• Discontinue agents that could affect renal function (NSAIDS, metformin) for at least 48 hours before the procedure.

  • Special care on the doses of prescribed diuretics

  • Appropriate hydration prior to the procedure

  • Dual anti-platelet therapy (DAPT) interruption not required

  • Withhold anticoagulation 48-72 h prior to the procedure

  • Continue anti-hypertensive medications as usual or withhold some at physician’s discretion

The procedure

Percutaneous renal sympathetic denervation is not technically challenging. However, under specific clinical circumstances (e.g., renal insufficiency) or when faced with more complex abdominal aortic anatomy (e.g., tortuosity) some procedural tips may be useful. For further information regarding the procedure, refer to supplementary Appendix 1.

Perspectives of Asia

Prevalence of hypertension is higher in most of the Asian countries compared to the west. [12, 66,67,68,69,70]. Furthermore, with the rapid rise in population ageing in Asia, Asia will be the oldest region in the world by 2050 [71,72,73]. Consequently, because prevalence of hypertension increases with age [74, 75], the prevalence of hypertension will increase substantially in Asia and Asia will house the largest number of hypertensives in the world by 2050 [76].

However, the bigger problem is not only the higher prevalence but also the poor control rates in most of the Asian countries compared to the west. [12, 66, 67] Coupled together with several Asian characteristics like higher salt intake, higher salt sensitivity, higher prevalence of early morning BP in Asians than in westerners and the greater impact of BP on CV disease in Asians compared to westerners, greater effort is needed to improve control rates in order to reduce CV mortality and morbidity [12, 77,78,79,80]. While anti-hypertensive medications are very effective and safe in lowering BP, many patients are non-adherent to their medications [20, 81,82,83,84]. Hence an alternative to getting better BP control needs to be explored and RDN is potentially an effective and safe option for the Asian population [15]

Future perspectives

With the availability of more recent data since the publication of the last round of hypertension guidelines worldwide, a paradigm shift is expected in the coming guidelines as regards to RDN. The latest WHO guidelines released last year however did not make any mention of RDN except for stating that patients not controlled on 3 drugs (renin–angiotensin–aldosterone system (RAAS) inhibitors, calcium channel blockers (CCB) and diuretics) should be referred to a specialist. However, what is expected is that the recommendation for RDN will be upgraded from the previous Class II recommendation Grade B level of Evidence to Class 1 recommendation with Grade A Level of evidence (for hypertensives who prefer to opt out of medical treatment, for hypertensives who do not favour long-term drug treatment or patients with true drug resistant hypertension). As for patients who are young or obese, with or without, obstructive sleep apnoea, and those with high sympathetic overdrive, a Class II recommendation with Grade C Level of Evidence will be appropriate for the time being until more definitive data from appropriately designed RCTs are available.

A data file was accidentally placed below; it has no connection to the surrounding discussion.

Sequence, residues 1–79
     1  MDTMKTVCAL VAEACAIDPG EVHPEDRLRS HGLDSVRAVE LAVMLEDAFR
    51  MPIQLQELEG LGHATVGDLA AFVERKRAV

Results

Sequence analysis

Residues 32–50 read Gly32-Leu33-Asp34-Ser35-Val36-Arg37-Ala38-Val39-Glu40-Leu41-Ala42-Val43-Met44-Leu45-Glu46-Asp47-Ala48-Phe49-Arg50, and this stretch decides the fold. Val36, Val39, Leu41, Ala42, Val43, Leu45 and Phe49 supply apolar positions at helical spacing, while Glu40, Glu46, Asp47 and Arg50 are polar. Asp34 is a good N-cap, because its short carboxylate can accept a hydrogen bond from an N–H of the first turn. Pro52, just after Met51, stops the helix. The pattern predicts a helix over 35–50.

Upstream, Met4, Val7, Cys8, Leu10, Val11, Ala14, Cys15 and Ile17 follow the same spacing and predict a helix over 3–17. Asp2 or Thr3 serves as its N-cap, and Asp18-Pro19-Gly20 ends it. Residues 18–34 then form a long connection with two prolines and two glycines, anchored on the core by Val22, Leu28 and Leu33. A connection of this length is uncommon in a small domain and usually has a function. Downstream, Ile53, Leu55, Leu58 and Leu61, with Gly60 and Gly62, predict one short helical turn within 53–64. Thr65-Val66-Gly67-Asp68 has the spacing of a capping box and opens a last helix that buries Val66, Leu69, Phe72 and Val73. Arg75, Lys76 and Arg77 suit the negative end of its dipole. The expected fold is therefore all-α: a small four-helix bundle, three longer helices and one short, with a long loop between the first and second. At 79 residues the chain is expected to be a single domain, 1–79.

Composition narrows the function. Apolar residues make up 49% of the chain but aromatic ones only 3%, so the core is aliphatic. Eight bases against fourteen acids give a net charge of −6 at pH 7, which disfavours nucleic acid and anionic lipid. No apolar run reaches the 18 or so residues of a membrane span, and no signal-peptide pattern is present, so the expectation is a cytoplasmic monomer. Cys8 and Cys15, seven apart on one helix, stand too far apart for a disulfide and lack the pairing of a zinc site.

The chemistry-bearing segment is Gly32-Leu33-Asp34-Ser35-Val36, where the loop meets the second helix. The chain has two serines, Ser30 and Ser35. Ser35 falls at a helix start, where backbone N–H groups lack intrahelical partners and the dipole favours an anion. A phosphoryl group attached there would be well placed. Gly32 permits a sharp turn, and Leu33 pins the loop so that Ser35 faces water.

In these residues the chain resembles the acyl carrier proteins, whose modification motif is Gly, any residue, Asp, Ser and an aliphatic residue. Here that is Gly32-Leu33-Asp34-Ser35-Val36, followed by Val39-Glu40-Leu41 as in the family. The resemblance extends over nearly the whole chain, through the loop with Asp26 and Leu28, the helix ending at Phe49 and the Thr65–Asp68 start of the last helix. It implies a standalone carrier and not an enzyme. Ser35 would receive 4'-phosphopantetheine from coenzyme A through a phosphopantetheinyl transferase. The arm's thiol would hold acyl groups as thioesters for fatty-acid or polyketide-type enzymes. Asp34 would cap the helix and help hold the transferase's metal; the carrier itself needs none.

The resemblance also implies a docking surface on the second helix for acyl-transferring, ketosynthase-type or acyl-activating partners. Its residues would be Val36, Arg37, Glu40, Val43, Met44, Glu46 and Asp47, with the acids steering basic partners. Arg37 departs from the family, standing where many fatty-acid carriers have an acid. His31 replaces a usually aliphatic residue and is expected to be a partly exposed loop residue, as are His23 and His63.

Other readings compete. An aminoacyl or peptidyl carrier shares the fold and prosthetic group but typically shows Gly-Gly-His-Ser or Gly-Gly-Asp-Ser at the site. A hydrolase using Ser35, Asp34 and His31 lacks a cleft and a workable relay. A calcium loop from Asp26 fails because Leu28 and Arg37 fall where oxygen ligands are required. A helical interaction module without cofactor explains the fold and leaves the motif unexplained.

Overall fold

Executive summary

  • Hypertension is a prevalent, largely asymptomatic, and potentially dangerous disease (which may be inadequately controlled in some groups). This needs to be recognized and appropriately addressed.

  • Poor control of blood pressure may be due to several factors:

    • Pseudo-resistant hypertension (includes improper technique, white coat hypertension (WCH), undertreatment, poor medication adherence and clinical inertia) [8, 20, 25,26,27,28,29,30,31, 33]

    • Resistant hypertension [2,3,4, 85, 86]

    • Secondary causes of hypertension. Patients with secondary causes of hypertension might benefit from specific therapy to treat underlying causes rather than RDN

    • Hyperactive renal-sympathetic system (neurogenic hypertension, e.g., obesity, OSA) [87,88,89]

  • This consensus statement takes into consideration the current available data on RDN as a adjunctive treatment modality in poorly controlled/resistant (arterial) hypertension (this includes randomized control trials and global registries [14, 44, 45, 51, 90, 91]